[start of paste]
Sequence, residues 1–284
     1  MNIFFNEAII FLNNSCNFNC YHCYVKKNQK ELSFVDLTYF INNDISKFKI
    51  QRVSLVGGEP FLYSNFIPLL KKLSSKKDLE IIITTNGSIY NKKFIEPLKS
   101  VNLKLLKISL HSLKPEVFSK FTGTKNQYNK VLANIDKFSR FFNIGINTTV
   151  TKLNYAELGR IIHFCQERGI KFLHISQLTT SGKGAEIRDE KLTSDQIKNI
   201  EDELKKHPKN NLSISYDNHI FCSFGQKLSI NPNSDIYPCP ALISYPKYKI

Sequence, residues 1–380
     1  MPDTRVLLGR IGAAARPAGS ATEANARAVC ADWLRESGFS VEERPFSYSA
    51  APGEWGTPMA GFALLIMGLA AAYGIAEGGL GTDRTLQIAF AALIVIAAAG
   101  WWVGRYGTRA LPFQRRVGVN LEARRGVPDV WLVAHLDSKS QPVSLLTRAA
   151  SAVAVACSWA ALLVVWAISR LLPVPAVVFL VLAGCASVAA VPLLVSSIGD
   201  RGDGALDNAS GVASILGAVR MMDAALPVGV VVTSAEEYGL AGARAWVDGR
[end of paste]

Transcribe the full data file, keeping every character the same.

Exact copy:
Sequence, residues 1–284
     1  MNIFFNEAII FLNNSCNFNC YHCYVKKNQK ELSFVDLTYF INNDISKFKI
    51  QRVSLVGGEP FLYSNFIPLL KKLSSKKDLE IIITTNGSIY NKKFIEPLKS
   101  VNLKLLKISL HSLKPEVFSK FTGTKNQYNK VLANIDKFSR FFNIGINTTV
   151  TKLNYAELGR IIHFCQERGI KFLHISQLTT SGKGAEIRDE KLTSDQIKNI
   201  EDELKKHPKN NLSISYDNHI FCSFGQKLSI NPNSDIYPCP ALISYPKYKI

Sequence, residues 1–380
     1  MPDTRVLLGR IGAAARPAGS ATEANARAVC ADWLRESGFS VEERPFSYSA
    51  APGEWGTPMA GFALLIMGLA AAYGIAEGGL GTDRTLQIAF AALIVIAAAG
   101  WWVGRYGTRA LPFQRRVGVN LEARRGVPDV WLVAHLDSKS QPVSLLTRAA
   151  SAVAVACSWA ALLVVWAISR LLPVPAVVFL VLAGCASVAA VPLLVSSIGD
   201  RGDGALDNAS GVASILGAVR MMDAALPVGV VVTSAEEYGL AGARAWVDGR